She would NOT let me finish and kept talking over me and when I tried to explain that my friend was legitimately concerned and said that I had known her for a couple of years and seen what he has put her through, she then turned it back on me and began questioning why I had let this go on if I knew what was happening!! When I said about the P drinking she asked me if I personally had ever seen him drunk, implying either that my friend was lying or that it was six of one and half a dozen of the other. She basically made her contempt clear for my friend and was utterly unsympathetic as to WHY my friend is drinking and showed seemingly no awareness for the complicated nature of the situation.

When I politely but firmly asked her to let me finish (I repeated this several times) she said that she was ending the conversation, then she put the phone down on me!!! shock

I could understand it if I was shouting at her, swearing or being abusive but I swear I was not. I was being polite and professional but assertive and I still cant' believe she was unprofessional enough to actually hang up on me. I had thought my friend was blaming herself when she said that ss thought it was all her fault as well, but it appears that she was right.

I did also speak to the police who were brilliant and I think there is a multi agency meeting tomorrow to discuss the child and what to do next. I am still fuming about the unprofessional way she spoke to me and about her whole attitude and I'm stuck as to the best thing to do. Should I complain? Will this make matters worse? I'm getting more help for her tomorrow but it seems that ss have already decided who is the 'bad' parent and for my friend it seems that her worst fears have come true.

Thanks if you have managed to read this far, any insight would be much appreciated.

KaraJS Wed 06-Jul-11 01:06:15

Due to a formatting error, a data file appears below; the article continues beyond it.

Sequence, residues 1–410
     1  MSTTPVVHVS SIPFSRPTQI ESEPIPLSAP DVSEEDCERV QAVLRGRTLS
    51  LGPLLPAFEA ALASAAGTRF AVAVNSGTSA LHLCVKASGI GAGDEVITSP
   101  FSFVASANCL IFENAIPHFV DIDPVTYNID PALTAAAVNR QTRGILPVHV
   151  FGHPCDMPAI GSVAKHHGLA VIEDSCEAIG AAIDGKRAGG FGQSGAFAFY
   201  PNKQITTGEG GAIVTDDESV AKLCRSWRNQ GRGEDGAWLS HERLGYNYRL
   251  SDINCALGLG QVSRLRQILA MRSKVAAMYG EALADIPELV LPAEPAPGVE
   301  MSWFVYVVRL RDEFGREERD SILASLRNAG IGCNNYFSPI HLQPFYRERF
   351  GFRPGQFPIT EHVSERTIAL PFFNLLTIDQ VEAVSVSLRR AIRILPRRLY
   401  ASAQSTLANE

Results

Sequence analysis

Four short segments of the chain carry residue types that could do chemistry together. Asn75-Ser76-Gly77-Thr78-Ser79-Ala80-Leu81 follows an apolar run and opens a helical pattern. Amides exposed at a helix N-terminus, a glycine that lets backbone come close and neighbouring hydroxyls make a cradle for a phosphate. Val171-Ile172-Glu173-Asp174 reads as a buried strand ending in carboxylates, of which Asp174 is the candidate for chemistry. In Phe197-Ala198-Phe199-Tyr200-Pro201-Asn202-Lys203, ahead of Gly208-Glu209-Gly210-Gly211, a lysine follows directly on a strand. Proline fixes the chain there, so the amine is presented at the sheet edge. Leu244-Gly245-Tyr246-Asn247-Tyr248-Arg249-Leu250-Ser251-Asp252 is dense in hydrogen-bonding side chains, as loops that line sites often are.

If your friend had a drug and alcohol councillor maybe they can help? Did your friend confide in them how her h was treating her? If so maybe you could get them envolved as an independent person who can verify what you are saying,

giraffesCantZumba Wed 06-Jul-11 01:20:11

So friend and her P still together?

It sounds a very unstable environment for the child - 2 drinking parents and witnessing physical abuse to his Mum (this is classed as emotional abuse as he is seeing this).

While it is really sad she is in this situation, is this really the best for her ds? She needs to get away from him and stop drinking. It might be that she needs support to do that. This might be the best thing that has happened to her! A new and safe life for her and her ds.

giraffesCantZumba Wed 06-Jul-11 01:23:32

"Every time she does, and she starts regaining her strength and independence, her P steps up the abuse and intimidation, often in front of their son and knocks her back down until she is back in a mess."

So it seems she is able to d well when no or little interference from P. Therefore hopefully with extra support she can get away from him for good. SS want to keep families together where possible in my experience.

hairfullofsnakes Wed 06-Jul-11 05:01:44

I feel sorry for the child who has Put up with this - why did she not leave for the sake of her child at least? Hopefully with some intervention things will improve.

hairfullofsnakes Wed 06-Jul-11 05:03:45

Oh and if you are unhappy with the social worker complain go her manager. Don't let her attitude go unchecked

gtg Wed 06-Jul-11 07:40:06

I grew up in a house similar to this. I was the eldest so it was my "responsibility" to help my mum. he was my sd but the parent of my younger siblings.